Dr. John Kumah — Deputy Finance Minister
Revenue to be accrued from the 1.75 per cent Electronic Transaction Levy (E-Levy) will help the economy recover faster, the New Patriotic Party (NPP) Member of Parliament of Ejisu, Dr. John Kumah, has said.
He said the new levy, which is estimated to accrue GHȼ33.86 billion by 2025, would help the government in its quest to provide and expand road infrastructure, support entrepreneurship drive, provide lasting solutions to youth unemployment, combat cyber security threats and expand digital infrastructure.
Addressing a press conference at the NPP headquarters in Accra last Friday, Dr. Kumah, who is also a deputy minister of Finance, said the domestic tax mobilisation efforts of the country was way below its peers on the continent.
“Indeed, according to the World Bank, tax revenue to GDP in Ghana for 2019 was 12.2 per cent, which is below Sub-Saharan Africa average of 16.5 per cent. For South Africa, tax revenue to GDP is 26.7 per cent, and Senegal is 16.4 per cent. Certainly, the situation with tax mobilisation in Ghana requires urgent attention,” he stated.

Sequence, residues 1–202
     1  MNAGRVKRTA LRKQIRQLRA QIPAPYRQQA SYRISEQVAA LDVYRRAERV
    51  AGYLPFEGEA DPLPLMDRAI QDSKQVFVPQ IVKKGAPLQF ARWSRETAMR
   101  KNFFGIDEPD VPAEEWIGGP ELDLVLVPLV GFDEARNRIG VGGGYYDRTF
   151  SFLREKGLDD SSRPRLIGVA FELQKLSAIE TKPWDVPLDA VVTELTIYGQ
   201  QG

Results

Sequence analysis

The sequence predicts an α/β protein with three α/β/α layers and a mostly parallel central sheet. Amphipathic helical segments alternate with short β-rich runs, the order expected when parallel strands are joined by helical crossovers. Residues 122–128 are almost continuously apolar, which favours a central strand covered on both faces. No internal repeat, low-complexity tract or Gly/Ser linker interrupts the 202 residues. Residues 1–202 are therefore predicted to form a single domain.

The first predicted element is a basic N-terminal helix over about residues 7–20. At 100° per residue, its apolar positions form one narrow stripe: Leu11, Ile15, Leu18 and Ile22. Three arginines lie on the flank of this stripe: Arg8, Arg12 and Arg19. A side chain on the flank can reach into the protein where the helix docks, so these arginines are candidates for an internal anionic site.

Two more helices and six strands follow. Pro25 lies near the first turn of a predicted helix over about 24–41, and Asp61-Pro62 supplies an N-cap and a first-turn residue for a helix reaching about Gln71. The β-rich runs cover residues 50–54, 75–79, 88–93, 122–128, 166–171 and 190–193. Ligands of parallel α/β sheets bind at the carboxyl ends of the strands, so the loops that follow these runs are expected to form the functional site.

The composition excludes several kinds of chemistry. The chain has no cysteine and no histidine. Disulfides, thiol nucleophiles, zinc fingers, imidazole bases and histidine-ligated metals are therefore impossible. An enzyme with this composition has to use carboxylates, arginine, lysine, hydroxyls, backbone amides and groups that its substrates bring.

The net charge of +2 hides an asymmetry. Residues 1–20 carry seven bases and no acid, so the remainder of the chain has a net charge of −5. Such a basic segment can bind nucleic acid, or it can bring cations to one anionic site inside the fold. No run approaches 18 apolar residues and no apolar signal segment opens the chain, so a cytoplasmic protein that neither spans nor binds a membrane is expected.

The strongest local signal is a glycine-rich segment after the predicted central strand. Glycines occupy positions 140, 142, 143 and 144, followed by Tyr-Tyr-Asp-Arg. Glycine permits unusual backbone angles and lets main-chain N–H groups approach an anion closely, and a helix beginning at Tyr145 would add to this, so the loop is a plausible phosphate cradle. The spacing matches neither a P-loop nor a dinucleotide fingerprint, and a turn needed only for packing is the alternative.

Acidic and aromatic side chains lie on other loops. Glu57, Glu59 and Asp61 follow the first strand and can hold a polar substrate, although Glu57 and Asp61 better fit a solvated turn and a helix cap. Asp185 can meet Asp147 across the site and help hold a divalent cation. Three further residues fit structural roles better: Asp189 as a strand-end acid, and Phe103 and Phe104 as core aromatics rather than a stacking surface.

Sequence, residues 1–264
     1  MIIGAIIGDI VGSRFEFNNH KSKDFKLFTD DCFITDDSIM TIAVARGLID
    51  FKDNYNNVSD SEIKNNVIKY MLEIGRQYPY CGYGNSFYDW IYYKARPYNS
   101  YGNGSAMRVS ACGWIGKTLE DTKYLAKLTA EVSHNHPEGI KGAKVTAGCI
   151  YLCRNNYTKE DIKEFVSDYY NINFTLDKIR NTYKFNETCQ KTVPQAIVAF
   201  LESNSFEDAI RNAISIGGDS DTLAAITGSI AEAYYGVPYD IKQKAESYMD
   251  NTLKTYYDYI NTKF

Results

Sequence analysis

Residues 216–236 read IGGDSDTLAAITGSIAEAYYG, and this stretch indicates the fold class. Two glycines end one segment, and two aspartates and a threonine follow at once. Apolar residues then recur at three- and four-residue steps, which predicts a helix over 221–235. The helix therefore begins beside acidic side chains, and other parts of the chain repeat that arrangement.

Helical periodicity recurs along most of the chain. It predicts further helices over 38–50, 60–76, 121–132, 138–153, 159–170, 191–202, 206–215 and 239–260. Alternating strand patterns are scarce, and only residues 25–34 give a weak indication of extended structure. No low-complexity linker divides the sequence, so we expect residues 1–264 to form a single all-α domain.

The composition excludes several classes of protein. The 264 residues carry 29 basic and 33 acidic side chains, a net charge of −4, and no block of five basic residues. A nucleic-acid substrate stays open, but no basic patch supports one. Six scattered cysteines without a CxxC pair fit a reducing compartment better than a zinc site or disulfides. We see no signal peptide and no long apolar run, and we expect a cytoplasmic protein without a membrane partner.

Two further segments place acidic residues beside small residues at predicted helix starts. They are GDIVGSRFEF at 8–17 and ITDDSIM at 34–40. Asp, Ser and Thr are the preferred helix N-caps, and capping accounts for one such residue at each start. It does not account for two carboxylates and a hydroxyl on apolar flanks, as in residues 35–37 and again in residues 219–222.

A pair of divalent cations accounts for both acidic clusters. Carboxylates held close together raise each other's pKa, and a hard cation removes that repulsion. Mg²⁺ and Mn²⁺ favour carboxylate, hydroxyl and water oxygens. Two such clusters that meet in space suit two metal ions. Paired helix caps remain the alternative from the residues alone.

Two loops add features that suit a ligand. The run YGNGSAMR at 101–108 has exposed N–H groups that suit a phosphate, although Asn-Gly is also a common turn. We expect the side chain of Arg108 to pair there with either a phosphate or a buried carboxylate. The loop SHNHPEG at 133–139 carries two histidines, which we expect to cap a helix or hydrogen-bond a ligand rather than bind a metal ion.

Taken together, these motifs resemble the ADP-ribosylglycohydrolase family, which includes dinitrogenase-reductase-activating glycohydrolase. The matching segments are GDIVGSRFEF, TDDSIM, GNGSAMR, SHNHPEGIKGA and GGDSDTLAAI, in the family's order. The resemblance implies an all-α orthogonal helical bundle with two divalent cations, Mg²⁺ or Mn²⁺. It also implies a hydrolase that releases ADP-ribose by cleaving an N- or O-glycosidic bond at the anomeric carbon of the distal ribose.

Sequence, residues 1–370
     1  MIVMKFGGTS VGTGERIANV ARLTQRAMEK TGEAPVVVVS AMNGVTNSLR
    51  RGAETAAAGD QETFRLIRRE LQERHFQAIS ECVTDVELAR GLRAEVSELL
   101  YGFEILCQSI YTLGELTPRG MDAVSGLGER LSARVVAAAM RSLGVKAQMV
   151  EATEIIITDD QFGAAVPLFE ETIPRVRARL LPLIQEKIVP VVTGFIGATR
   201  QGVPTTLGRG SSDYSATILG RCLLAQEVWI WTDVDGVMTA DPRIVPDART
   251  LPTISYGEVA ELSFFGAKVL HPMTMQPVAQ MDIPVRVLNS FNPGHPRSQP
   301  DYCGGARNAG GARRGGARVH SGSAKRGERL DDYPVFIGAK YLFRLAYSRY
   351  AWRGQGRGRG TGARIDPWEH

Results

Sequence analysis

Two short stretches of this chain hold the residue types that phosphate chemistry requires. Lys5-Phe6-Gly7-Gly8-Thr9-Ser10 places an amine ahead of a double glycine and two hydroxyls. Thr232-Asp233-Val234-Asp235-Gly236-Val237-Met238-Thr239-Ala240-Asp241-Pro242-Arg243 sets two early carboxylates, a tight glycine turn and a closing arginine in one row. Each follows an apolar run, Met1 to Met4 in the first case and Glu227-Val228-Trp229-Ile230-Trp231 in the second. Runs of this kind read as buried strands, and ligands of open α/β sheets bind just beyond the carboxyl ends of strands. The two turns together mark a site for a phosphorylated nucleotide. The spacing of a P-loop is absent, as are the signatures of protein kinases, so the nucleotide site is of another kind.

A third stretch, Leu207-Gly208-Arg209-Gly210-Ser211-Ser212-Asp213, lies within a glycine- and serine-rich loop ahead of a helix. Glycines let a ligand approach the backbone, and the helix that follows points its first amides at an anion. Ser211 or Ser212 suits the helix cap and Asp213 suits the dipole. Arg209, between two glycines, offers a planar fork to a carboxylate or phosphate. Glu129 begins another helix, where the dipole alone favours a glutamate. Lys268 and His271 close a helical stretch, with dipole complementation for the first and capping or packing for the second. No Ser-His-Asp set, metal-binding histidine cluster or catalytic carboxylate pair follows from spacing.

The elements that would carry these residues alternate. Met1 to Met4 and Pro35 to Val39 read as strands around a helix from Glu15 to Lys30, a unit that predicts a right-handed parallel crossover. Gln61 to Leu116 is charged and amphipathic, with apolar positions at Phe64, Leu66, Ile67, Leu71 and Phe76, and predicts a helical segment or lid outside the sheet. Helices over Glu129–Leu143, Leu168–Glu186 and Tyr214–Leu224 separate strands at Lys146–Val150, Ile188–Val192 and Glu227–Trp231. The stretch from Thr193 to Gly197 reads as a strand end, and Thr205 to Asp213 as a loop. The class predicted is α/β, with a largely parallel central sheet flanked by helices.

Aside from low revenues, Dr. Kumah said the government also faced gaping infrastructure needs across the various facets of the economy.
He said the huge mismatch between revenue generation and infrastructure needs was not sustainable if the country was to accelerate its economic transformation agenda within the shortest possible time.
In that regard, he said the E-Levy was expected to formalise transactions that took place in the “shadow economy” where there was not much visibility.
He explained that the E-Levy would be implemented as a transaction fee for digital transactions done from mobile money or bank account anytime an individual transfered money to someone or made payment to a merchant/service provider.
“The levy will be paid by the sender of the transfer/payment; however, not all transactions will be impacted by the levy,” he stated.
Dr. Kumah said the government had exempted some transactions such as bank transfers and cheques, a daily free limit of GHȼ100 per day, and transfers between one’s own accounts.
The Deputy Minister of Finance also gave an assurance that all toll collection personnel would be reassigned to ensure that none of them lost their job.
He said the abolition of the road tolls would help reduce congestion at sections of tolled roads, allow free flow of vehicles and reduce travel time.
“The expected impact on productivity and reduction in environmental pollution will certainly be much more than the revenue that will be forgone on account of removing the tolls,” he said.